USD-JPY has posted a 12-day low at 107.28 in what is now the pair's third consecutive down day. Expectations for the Fed to reiterate its "lower-for-longer" policy guidance at the conclusion of its FOMC meeting today has helped keep the dollar on a back foot. With many asset prices trading at levels last seen well before the pandemic crisis and consequent lockdowns took hold, there seems to be increasing "be wary" narratives. Credit Suisse, for instance, is not atypical in anticipating that it will take another two years to return to pre-virus levels of GDP. Central bank stimulus may have peaked, too. Then there is the risk of a delayed negative impact on major economies as government-buttressing schemes unwind, and the risk of there being a second wave of coronavirus infections (the r rate is already creeping back above 1, indicating an exponential spread, in several states in the U.S. and other areas in Europe and elsewhere). Overall, markets may not be out of the woods yet, and there could be prone to further risk-off phases, which in turn would support the yen.

    [GBP, USD]
    Cable has posted a new three-month high, at 1.2787, aided by a generally softer dollar. EUR-GBP, in contrast, has remained within recent ranges. The pound's pandemic-era proclivity to correlate with global stock market direction has remained in evidence of late. Attention also remains on the UK-EU trade negotiation front. The decision by EU fisheries ministers not to change course on their position -- to maintain the "status quo", as the EU's chief negotiator Barnier put it, has "skewed things late in the process," according to a Downing Street source cited by the Guardian. London is frustrated by Barnier's inability, thus far, to convince various member states to look for a compromise. The UK is insisting that it will be an independent coastal state, and that there needs to be a new relationship with the EU with regard to fishing, pointing to Norway as a working example. The EU, on the other hand, wants to emulate the common fisheries policy (CFP), under which fishing quotas are agreed at an annual negotiation. This is a major issue for the UK, which ran large in the pro-Brexit campaign. The UK government, for instance, points out that the scheme has led to France having 84% of the cod quota in the English Channel. The EU is now expecting the talks to drag on until October, regardless of whether the UK asks for an extension of its post-Brexit transitory access to the single market (which it has to decide on by July 1st). Unless there is a breakthrough in trade negotiations, the pound's upside potential is likely to remain limited.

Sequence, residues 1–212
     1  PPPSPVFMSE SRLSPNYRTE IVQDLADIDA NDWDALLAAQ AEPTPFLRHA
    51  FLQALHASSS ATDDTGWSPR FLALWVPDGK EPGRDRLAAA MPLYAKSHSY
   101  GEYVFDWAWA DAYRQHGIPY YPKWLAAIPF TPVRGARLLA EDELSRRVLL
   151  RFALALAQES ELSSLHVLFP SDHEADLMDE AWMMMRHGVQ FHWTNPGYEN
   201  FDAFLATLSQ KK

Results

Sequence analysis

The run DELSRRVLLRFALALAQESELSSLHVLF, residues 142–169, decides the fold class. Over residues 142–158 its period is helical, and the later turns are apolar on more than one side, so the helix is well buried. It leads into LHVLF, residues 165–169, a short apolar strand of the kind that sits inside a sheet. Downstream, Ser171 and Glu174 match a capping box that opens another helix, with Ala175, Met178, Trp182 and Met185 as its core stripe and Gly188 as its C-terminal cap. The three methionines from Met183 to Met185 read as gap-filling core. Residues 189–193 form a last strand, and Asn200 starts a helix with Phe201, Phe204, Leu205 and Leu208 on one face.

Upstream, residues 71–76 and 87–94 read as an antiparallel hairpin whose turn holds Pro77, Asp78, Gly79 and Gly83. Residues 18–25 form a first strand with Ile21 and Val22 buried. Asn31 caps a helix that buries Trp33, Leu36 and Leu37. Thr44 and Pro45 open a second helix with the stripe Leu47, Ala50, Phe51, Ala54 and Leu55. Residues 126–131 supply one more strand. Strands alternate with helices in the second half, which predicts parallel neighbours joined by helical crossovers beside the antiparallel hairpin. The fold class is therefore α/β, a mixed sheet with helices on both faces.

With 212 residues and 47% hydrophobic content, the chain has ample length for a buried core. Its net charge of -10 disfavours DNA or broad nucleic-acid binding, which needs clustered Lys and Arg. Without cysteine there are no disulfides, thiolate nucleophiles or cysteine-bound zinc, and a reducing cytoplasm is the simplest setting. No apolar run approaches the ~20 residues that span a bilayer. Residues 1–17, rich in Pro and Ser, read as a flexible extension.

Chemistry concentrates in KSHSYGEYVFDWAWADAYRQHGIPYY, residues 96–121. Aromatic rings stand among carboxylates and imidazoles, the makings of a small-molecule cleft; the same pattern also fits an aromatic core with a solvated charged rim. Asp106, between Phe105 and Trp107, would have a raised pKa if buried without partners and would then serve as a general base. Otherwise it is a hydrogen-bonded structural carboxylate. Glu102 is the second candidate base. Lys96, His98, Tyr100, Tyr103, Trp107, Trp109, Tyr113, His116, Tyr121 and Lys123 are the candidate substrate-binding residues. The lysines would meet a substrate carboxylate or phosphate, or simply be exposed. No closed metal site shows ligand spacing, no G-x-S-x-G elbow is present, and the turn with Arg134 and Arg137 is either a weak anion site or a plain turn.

[USD, CHF]
    Recent euro gains have been a boon to EUR-CHF, which is now trading at its best levels of the year, above 1.0850. The SNB had been defending an informal line-in-the-sand at 1.0500 since early March in an effort to limited franc appreciation and, thereby, disinflationary forces on the Swiss economy.

    [USD, CAD]
    USD-CAD unwound most of yesterday's gain in posting an intraday low at 1.3368. Front-month WTI oil prices were showing a loss 3%, as of the late London morning, at $37.77, though remaining above yesterday's five-day low at $37.07. With oil prices looking to have entered a consolidative phase (after WTI benchmark prices hit a three-month high at $40.44), the Canadian dollar and other oil-correlating currencies are likely to follow suit. The decision by the OPEC+ group to extend prevailing output quota limits for another month has been factored in.